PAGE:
To the untrained ear, the words “ventilator” and “respirator” sound basically the same. They’re both used to assist with breathing. In the last couple of years, with the spread of the novel coronavirus around the world leading to the current COVID-19 pandemic, these two terms are frequently used interchangeably. However, these two pieces of medical equipment are very different and have their own unique functions for patients and healthcare professionals. Keep reading to learn the difference between these two medical devices: ventilators vs respirators.
What is a Ventilator?
Ventilators were in the news daily during the first months of the COVID-19 pandemic. States struggled to find enough for the amount of COVID-19 patients in intensive care units (ICUs) needing oxygen.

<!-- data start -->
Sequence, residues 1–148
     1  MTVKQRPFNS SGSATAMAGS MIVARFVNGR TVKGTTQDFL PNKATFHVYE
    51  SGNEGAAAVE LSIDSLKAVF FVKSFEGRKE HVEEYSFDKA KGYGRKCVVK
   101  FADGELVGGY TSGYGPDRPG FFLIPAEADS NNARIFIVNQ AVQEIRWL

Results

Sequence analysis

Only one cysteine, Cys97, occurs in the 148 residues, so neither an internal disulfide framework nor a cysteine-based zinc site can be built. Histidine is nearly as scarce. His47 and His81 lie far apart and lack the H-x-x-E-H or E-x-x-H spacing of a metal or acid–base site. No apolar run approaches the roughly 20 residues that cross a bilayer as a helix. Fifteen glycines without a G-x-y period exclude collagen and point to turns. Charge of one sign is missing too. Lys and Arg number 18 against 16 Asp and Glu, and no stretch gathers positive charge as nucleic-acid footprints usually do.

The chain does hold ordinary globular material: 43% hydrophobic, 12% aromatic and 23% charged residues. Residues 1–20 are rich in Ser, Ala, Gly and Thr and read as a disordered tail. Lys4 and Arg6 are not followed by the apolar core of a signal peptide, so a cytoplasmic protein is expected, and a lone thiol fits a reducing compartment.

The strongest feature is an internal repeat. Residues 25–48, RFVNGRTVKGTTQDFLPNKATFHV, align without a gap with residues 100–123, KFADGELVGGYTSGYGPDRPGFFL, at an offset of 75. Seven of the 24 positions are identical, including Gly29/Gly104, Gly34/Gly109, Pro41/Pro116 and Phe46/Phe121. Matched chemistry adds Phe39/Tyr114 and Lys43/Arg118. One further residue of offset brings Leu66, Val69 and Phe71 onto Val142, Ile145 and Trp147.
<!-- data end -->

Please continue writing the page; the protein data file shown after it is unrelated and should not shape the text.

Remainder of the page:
A ventilator is used to help a patient breathe. It’s also known as a “breathing machine” or a “mechanical ventilator.” When your lungs are functioning normally, they transfer oxygen to your blood and expel carbon dioxide. Sometimes patients are too ill to breathe on their own and need assistance to breathe, referred to as artificial respiration. Without pressure, lung tissue can collapse. So, a ventilator keeps a patient oxygenated and the lung structures intact until the patient can be removed from the ventilator.
Modern ventilators are highly sophisticated machines that can deliver a customized mix of gasses for the patient. They are usually equipped with monitoring systems and can be programmed to alert medical staff according to certain parameters, such as gas flow, leaks, or battery failure. Since ventilators are considered “life critical systems”, they are designed with multiple redundancies in place so that no single failure will endanger the life of the patient. Even in a total loss of power, including the battery backup, a ventilator can still be operated by hand.